We continue our extracts from King's work on the Steam Engine, published by F. A. Brady, 24 Ann-st. The Condenser Heats. When engines are standing still, it sometimes occurs that the condenser gets so hot, that when it becomes necessary to start ngain, the pressure has become so great in it, that the injection water will not enter. Leaky steam and exhaust valves will alone cause this, but in no case should it ever be allowed to occur. When an engine begins te get hot, the cracking noise in the condenser, and about the foot valves, will always indicate what is going on, timo enough to check it, which can be done by giving a little injection, and causing the engines to make two or three revolutions back and forth. If, how ever, the engine should become too hot to take the injection water, the only plan will be to blow through, or pump water into the condenser if there be such an arrangement, or to cool the condenser by external application of cold water. If when under way it is indicated by the gage that the engine is gradually losing its vacuum, apply the hand to the condenser, in order to ascertain if it be getting hot, and if such be found to be the case give a little more injection; but if that does not help the cause, give more still. If the vacuum continues to grow less, the probability is that the injection pipe has become choked ; in which event shut off that injection and put on another. Should both the bottom and side become choked, inject from the bilge. Should the bilge injection also be out of order, the engine will have to be stopped, and the snifting valve secured down (if there be one) while the injections are blown through to clear them. Seaweed, and things of that nature, sometimes get over the strainers of injection pipes, preventing the entrance of water. Most if not all marino engines of modern construction are fitted with a thermometer to the hot well, to ascertain the temperature of the water, which is usually carried from 100 to 115 Fah, This instrument is very important, in order to maintain an even temperature (the sense of touch of the engineer's hand not being delicate enough for that purpose), for it may often occur that there may start small leaks about the condenser and exhaust pipe joints, whieh would cause a decrease in the vacuum, and, as without the thermometer, the first impulse would be to give more injection, with it we would turn our attention to finding and stopping the leak. This can be done by holding a lighted candle around the joints, and wherever there is a leak the flame will be drawn in. To stop it, mix a little putty, of white and red lead, aud apply it to the crevico ; the presence of the atmosphere will force it in. Getting Under Way. When lying in port, where the steam will not be required for at least four or five days, it is proper that the water should be blown or pumped out of the boilers, and a portion of the man and hand-hole plates removed, to allow a circulation of air. When, therefore, the order is given to get up steam, the first thing is to see that all these plates are put on, and the joints properly made, and this duty should receive the direct superintendence of the engineer having charge of the same ; for should any one of them leak badly after the steam is raised, the departure of the ship might be delayed some hours in consequence. After this duty has been properly attended to, open the blow-off cocks and run the water up in the boilers to the proper level, or, if the boilers are so situated that the water will not run up high enough, finish thesupply with the hand pumps, wood the furnaces whilo the water is entering the boiler, and when the proper height of water is attained start the fires. If it be important to raise steam quickly, start the fires as soon as water is discovered in the gages, continuing the supply while the fires are burning. As a small quantity of finely split wood, with a little shavings or oily waste placed in the mouth of the furnaces, is all that is necessary to start the fires, the back part of the furnaces, particularly in boilers with inferior draft, should be covered with a layer of coal to keep out the cold air. In raising steam it has been the custom to recommend that the valves of the engine be blocked open, so as to allow the heated air from the boilers to pass in and warm up the engine before steam begins to be generated ; but as in many cases this is attended with considerable trouble, and as the advantages to be derived from it arc very small, it hardly appears to the author's mind to "pay." Tho safety or vacuum valve should, however, be kept open until steam begins to form, in order to let the heated air escape. The strain upon boilers being from the inside, they are constructed and braced with the special view of withstanding this strain, many of the braces being entirely useless in sustaining a pressure from without ; marino boilers are therefore fitted with a small valve opening inwards, and weighted so as to open and admit air whenever the pressure from within falls toabout five pounds per square inch below the atmosphere. These valves are called differently by different parties, as follows: vacuum valve, air valve, reverse valve, &c. After steam has been raised to 3 or 4 lbs., the engine should then be blown through and warmed up, and after sufficient steam is raised to move the piston, the engine should be turned over two or three times, to see that every thing is right, before reporting ready.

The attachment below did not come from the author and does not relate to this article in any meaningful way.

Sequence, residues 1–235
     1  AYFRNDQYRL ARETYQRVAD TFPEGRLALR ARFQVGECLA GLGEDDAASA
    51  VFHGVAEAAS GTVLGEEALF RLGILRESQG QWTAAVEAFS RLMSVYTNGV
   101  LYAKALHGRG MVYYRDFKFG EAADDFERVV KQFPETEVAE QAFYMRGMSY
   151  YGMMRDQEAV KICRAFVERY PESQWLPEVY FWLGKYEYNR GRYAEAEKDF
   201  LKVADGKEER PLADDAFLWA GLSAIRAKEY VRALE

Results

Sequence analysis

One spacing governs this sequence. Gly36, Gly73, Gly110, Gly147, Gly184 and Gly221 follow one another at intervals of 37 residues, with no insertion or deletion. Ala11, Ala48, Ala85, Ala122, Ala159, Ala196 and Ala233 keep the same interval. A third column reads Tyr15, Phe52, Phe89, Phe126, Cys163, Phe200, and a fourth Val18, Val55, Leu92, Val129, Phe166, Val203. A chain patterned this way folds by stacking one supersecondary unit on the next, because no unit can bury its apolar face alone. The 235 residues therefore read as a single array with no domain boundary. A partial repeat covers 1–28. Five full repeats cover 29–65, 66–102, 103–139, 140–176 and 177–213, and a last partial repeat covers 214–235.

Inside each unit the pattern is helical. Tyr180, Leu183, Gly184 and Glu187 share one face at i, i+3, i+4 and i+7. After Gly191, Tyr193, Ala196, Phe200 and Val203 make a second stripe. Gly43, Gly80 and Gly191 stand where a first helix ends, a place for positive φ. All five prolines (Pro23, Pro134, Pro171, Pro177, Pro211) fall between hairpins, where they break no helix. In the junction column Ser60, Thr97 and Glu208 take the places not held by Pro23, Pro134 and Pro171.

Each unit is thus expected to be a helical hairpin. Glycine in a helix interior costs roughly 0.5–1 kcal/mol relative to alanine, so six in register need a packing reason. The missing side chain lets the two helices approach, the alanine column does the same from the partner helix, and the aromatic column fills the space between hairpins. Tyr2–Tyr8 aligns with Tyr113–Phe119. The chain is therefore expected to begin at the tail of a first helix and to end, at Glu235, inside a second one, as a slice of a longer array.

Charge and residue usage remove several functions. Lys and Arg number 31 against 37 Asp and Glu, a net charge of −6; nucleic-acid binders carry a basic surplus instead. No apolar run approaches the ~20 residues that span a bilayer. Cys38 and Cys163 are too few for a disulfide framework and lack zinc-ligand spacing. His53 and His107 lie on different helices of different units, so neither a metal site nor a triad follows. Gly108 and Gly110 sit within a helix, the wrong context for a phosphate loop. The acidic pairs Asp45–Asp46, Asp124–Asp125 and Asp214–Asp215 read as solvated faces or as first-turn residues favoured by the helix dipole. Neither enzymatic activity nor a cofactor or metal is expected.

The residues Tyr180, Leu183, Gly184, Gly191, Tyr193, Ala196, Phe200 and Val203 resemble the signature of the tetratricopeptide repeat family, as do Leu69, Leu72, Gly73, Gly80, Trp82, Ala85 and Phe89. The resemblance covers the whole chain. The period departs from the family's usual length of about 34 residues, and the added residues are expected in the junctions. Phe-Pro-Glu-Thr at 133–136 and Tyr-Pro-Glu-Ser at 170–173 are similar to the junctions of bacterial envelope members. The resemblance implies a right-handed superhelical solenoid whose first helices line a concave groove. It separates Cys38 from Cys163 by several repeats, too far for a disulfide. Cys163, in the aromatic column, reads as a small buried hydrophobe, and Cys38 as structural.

This article was originally published with the title "Practical Directions to Engineers" in Scientific American 3, 25new, 390 (December 1860)